51. Proverbs 1:7
The fear of the Lord is the beginning of knowledge; fools despise wisdom and instruction. —Proverbs 1:7
In memorizing 100 key texts of the Bible, notice that four of them come from the book of Proverbs (Prov. 3:5-6; 1:7; 15:1). We could just as easily have selected all 100 verses from this book because it’s the most practical, everyday, commonsense book in Scripture.
Think of the book of Proverbs as God’s Twitter feed to the human race. With Twitter, you have 140 characters for your message or to sum up what’s going on in your life. These little messages are short bursts of communication. When you read a tweet—a Twitter message—you’re reading a burst of truth about a person’s life, activities, observations, or philosophy, summed up in 140 characters or less.
That’s just what we have in the book of Proverbs: God’s giving advice to us in short bursts of communication, usually 140 characters or less per verse.
Proverbs is God’s divinely designed self-improvement course, His textbook for learning how to wise up and live. The 915 verses in Proverbs represent God’s wisdom for the hundreds of situations we step into each day.
Think of Proverbs as portable wisdom—heavenly rules for earthly living.
God’s wisdom has little to do with grades on a report card but everything with getting high marks in life. It isn’t just data accumulation or brainpower. It is putting our knowledge to work in everyday life. Thumb through the thirty-one chapters of Proverbs, and you’ll find them packed with advice about working hard, eating wisely, watching how much we drink, guarding how much we speak, avoiding unhealthy friendships and immoral sexuality, treating people kindly, handling money well, and making good decisions in matters great and small.
The whole theme of Proverbs is summed up in today’s memory verse, Proverbs 1:7. This verse is the key that unlocks the whole book, and that’s why it’s worth memorizing. There is one common denominator to all the Proverbs, a single thread that runs through each verse: The fear of the Lord is the beginning of knowledge; fools despise wisdom and instruction.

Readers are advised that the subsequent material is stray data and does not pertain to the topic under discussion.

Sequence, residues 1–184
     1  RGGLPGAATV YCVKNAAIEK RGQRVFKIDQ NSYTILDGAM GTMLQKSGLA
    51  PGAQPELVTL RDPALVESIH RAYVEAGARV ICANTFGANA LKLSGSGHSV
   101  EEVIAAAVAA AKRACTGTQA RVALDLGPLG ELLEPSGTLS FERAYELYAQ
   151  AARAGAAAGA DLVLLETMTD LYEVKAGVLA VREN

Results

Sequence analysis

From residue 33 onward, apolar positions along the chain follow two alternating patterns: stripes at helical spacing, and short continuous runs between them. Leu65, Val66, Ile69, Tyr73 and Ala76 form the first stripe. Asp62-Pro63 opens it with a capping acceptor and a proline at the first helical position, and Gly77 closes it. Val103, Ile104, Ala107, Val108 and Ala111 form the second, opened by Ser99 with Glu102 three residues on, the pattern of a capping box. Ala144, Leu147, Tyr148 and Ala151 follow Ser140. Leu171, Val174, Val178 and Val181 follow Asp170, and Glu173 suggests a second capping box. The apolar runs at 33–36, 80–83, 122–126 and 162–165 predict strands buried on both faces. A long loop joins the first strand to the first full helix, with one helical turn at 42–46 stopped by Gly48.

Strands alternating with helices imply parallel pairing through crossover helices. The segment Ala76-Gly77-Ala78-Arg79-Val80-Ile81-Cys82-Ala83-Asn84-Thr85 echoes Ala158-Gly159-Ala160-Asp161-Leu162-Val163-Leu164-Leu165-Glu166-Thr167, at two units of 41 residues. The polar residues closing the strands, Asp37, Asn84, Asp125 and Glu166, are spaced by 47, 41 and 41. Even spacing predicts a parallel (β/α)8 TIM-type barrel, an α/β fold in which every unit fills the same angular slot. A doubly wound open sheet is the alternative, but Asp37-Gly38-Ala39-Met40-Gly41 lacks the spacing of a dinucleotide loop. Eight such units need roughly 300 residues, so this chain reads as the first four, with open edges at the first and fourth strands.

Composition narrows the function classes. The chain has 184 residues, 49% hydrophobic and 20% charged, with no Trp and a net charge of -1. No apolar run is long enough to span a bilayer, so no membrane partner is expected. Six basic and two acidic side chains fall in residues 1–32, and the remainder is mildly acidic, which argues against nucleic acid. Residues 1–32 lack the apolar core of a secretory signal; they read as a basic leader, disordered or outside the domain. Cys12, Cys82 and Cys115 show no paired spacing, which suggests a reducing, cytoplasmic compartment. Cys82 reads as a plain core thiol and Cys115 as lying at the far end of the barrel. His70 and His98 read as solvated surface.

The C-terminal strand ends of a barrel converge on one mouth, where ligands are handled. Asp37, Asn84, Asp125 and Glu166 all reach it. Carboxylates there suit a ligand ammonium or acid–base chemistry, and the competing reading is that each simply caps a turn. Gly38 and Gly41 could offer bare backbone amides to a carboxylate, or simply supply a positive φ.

Each of the Proverbs either tells us: (1) how we will respond to life if we have a healthy fear of the Lord, or (2) how we will mess up if we don’t.
The fear of the Lord is not unhealthy, dysfunctional, or debilitating fear. It means an appropriate respect, reverence, awe, and wonder. A. W. Tozer wrote: “The fear of God is… astonished reverence. I believe that the reverential fear of God mixed with love and fascination and astonishment and admiration and devotion is the most enjoyable state and the most satisfying emotion the human soul can know.”
The fear of the Lord is the beginning of knowledge; fools despise wisdom and instruction.
It is one of life’s strange turns that scholars ransack libraries looking for wisdom, while, perhaps, the janitor has found it long ago. —Vance Havner
100 Bible Verses Everyone Should Know by Heart.
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